Lasker vs Tarrasch 1908
Düsseldorf / Munich
Siegbert Tarrasch was born in Breslau, Prussia (now Wrocław, Poland) in
1862. In the late 1880s, he established himself as one of the strongest players in the world with several tournament
successes. After Tarrasch's first place in Manchester (1890), the Havana Chess Club proposed a
match against world champion Wilhelm Steinitz. A practicing
physician, Tarrasch declined as he couldn't devote that much time to chess. Besides his successful chess
career, he is also famous for propagating and deepening chess, which earned him the nickname "praeceptor germaniae"
(lat. teacher of Germany).
In 1906, world champion Emanuel Lasker
singled out Tarrasch and Geza Maroczy as worthy contenders for the world championship,
and said "Dr. Tarrasch's strength or weakness, if one likes - is his pronounced amour propre
[fr. self-love]. Without it he would have been a very mediocre chess player; gifted to an abnormal degree, he has
become a giant."
Instead of participating in Dresden (1892), won by Tarrasch, Lasker challenged the tournament winner to a
match via Leopold Hoffer.  Tarrasch declined the offer, since
Lasker had avoided a tournament battle with him by not participating in Dresden. Tarrasch was willing to play Lasker,
once the latter had won first prize in an international tournament. Two years later, Lasker took the title
from Steinitz in the Lasker - Steinitz World Championship (1894) match. After his successful
comeback at Monte Carlo (1903), Tarrasch challenged Lasker for a world
championship match, to take place in autumn 1904. The conditions were published at the end of
1903. An ice-skating accident in January 1904 disabled Tarrasch. He visited Lasker in Berlin in March 1904,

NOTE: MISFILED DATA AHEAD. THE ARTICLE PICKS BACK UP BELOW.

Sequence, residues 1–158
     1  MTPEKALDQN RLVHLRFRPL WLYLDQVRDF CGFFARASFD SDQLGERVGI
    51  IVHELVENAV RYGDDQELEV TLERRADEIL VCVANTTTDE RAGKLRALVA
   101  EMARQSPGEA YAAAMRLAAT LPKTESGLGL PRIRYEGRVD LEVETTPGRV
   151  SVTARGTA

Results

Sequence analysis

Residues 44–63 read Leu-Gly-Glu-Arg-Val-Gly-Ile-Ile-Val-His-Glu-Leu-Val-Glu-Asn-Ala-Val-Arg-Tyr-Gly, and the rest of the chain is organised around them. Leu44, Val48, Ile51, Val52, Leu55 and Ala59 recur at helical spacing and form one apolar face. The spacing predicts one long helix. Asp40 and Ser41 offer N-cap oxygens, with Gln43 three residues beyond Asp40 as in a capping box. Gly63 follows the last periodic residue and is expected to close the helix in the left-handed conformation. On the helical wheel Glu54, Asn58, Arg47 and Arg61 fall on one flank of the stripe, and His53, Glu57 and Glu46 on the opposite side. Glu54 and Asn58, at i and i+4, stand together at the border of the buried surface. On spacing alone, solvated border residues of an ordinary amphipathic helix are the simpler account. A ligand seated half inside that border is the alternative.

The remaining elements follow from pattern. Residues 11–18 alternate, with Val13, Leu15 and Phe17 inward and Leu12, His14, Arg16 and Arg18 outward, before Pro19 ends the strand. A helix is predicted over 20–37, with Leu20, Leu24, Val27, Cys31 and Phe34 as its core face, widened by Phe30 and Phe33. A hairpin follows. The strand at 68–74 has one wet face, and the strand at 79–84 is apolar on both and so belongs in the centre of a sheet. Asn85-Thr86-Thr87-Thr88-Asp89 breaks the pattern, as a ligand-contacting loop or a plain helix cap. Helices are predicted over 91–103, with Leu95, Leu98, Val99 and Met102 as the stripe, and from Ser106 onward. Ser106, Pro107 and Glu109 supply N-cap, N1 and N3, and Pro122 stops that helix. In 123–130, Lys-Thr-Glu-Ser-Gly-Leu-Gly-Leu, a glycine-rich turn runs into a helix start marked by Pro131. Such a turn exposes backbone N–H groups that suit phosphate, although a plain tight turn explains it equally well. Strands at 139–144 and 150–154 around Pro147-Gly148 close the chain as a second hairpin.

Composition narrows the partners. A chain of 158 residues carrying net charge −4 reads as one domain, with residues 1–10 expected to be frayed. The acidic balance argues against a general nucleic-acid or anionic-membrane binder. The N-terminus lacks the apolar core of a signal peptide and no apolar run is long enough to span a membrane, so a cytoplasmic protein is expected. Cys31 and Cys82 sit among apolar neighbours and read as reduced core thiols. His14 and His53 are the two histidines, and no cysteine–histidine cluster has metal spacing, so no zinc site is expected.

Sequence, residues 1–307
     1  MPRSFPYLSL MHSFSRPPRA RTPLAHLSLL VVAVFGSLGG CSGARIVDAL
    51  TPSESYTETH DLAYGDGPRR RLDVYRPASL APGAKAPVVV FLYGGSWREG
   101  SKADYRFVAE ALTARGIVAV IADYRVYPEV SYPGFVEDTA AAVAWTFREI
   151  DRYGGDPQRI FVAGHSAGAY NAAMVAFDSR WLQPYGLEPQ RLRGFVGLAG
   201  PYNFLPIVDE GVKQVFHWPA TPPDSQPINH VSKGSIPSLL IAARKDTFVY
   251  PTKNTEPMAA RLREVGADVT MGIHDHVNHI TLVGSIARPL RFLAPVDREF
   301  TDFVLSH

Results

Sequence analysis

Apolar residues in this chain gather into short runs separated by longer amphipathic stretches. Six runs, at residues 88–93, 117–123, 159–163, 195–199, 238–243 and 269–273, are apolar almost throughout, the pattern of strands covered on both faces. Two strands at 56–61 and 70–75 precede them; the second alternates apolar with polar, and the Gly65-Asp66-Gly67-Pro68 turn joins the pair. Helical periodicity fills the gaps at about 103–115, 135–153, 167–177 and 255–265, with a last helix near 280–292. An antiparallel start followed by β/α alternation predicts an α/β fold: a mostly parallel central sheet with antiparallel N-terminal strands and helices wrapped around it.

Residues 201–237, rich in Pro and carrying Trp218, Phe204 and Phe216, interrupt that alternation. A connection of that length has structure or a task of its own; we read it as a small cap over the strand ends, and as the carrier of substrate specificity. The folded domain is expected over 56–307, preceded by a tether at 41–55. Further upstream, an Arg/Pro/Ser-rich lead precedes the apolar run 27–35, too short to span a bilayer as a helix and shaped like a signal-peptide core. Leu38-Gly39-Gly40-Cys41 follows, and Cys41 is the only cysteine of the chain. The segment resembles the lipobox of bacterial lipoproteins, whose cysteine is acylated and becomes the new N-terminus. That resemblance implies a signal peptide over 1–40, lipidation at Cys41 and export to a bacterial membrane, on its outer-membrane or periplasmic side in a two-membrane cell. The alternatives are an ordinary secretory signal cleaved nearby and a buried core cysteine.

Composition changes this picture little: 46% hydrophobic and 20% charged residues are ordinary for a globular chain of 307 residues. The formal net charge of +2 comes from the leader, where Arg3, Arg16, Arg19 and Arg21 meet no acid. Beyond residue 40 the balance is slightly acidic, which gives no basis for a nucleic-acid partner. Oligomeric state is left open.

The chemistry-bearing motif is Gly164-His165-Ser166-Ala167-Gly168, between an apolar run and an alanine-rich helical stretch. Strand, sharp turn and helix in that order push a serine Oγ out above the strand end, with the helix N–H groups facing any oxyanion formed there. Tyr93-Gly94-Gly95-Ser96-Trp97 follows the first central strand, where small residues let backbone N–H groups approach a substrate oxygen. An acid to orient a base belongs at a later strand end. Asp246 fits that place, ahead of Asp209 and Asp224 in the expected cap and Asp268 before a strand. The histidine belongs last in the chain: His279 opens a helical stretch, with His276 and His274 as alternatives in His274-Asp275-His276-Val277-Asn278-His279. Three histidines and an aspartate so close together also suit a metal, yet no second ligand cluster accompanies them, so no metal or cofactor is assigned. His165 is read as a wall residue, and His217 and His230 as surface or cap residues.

suggesting they postpone the match until the next year. But Lasker declined, declaring the contract null and void if the
match couldn't take place at the agreed date. Tarrasch would have to issue a new challenge.
Tarrasch's victory in the Marshall - Tarrasch (1905) match induced Rudolf
Gebhardt, chairman of the German Chess Federation, to contact the Manhattan Chess Club on November 24, 1905 to negotiate
a match for the title. The Club didn't respond, so after five months Gebhardt contacted Lasker directly on April 20,
1906. Lasker agreed to play Tarrasch in principle, but wanted to play in America only, as he believed that a match could
be financed nowhere else. Tarrasch said he could only play in Germany, due to his profession. In 1906,
Lasker also negotiated for a world championship match with Maróczy, but ultimately without success.
When Lasker defended his title in the Lasker - Marshall World Championship Match
(1907) by the score (+8 -0 =7), comparisons were made to Tarrasch's previous victory (+8 -1 =8) against the same
opponent in 1905, as if the title match had only been a substitute for a match between the two German
chessmasters. Later that year, Tarrasch triumphed in Ostend (Championship)
(1907), so a match between them again became a pressing matter. A good opportunity for negotiations
arose in February 1908, when Lasker visited Europe again for the first time in four years.
The lengthy negotiations were successfully finalized on August 1, 1908. Lasker had originally demanded an
honorarium of 15,000 Marks. The chairmen of the German (Gebhardt) and Bavarian (Schenzel) Chess Federations persuaded
the world champion to accept a lower honorarium of 7,500 Marks. Tarrasch even agreed to forego an honorarium in order to
help bring about the match. The winner would be the first to win eight games, with draws not counting. The victor would
receive 4,000 Marks, and the loser 2,500 Marks.  The time control was 1 hour for 15
moves. Otto Rosenfeld was the arbiter. Tarrasch's second was Heinrich Renner. Lasker's second in
Düsseldorf was Appun, while in Munich Schropp and Kollmann alternated as seconds.
The match began on August 17 in the Kunstpalast in Düsseldorf, where the first 4 games were played. The contract
stipulated that the match be relocated to Munich as soon as one competitor had scored three points. Both
players were in a separate room, together with their seconds. The numerous spectators followed the match in a large
hall. Lasker drew the white pieces by lot, and won Game 1. According to
Lasker, Tarrasch could have won Game 2, had he abstained from pawn grabbing
and continued his attack. With Lasker leading 2-0, Tarrasch took two rest days to recover from the
losses, and then scored his first win in Game 3. Lasker won Game 4 on August 31, after refuting Tarrasch's combination by 27...♖xf4.